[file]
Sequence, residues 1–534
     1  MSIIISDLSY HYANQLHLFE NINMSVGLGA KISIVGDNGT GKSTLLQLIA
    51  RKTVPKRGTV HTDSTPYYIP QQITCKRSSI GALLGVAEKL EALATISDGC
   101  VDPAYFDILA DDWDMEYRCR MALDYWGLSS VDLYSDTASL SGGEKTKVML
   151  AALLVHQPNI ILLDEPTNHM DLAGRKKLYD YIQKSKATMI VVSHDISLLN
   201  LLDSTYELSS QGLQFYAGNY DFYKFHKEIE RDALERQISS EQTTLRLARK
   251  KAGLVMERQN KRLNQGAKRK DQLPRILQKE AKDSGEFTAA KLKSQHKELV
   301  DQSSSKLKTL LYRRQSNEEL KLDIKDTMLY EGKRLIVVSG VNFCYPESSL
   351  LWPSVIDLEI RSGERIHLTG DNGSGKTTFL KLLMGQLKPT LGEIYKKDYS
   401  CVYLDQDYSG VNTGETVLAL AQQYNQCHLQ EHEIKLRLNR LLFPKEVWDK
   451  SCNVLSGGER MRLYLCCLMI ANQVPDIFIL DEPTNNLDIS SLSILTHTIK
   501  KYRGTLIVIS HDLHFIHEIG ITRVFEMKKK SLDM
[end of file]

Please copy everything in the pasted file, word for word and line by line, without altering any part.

Sequence, residues 1–534
     1  MSIIISDLSY HYANQLHLFE NINMSVGLGA KISIVGDNGT GKSTLLQLIA
    51  RKTVPKRGTV HTDSTPYYIP QQITCKRSSI GALLGVAEKL EALATISDGC
   101  VDPAYFDILA DDWDMEYRCR MALDYWGLSS VDLYSDTASL SGGEKTKVML
   151  AALLVHQPNI ILLDEPTNHM DLAGRKKLYD YIQKSKATMI VVSHDISLLN
   201  LLDSTYELSS QGLQFYAGNY DFYKFHKEIE RDALERQISS EQTTLRLARK
   251  KAGLVMERQN KRLNQGAKRK DQLPRILQKE AKDSGEFTAA KLKSQHKELV
   301  DQSSSKLKTL LYRRQSNEEL KLDIKDTMLY EGKRLIVVSG VNFCYPESSL
   351  LWPSVIDLEI RSGERIHLTG DNGSGKTTFL KLLMGQLKPT LGEIYKKDYS
   401  CVYLDQDYSG VNTGETVLAL AQQYNQCHLQ EHEIKLRLNR LLFPKEVWDK
   451  SCNVLSGGER MRLYLCCLMI ANQVPDIFIL DEPTNNLDIS SLSILTHTIK
   501  KYRGTLIVIS HDLHFIHEIG ITRVFEMKKK SLDM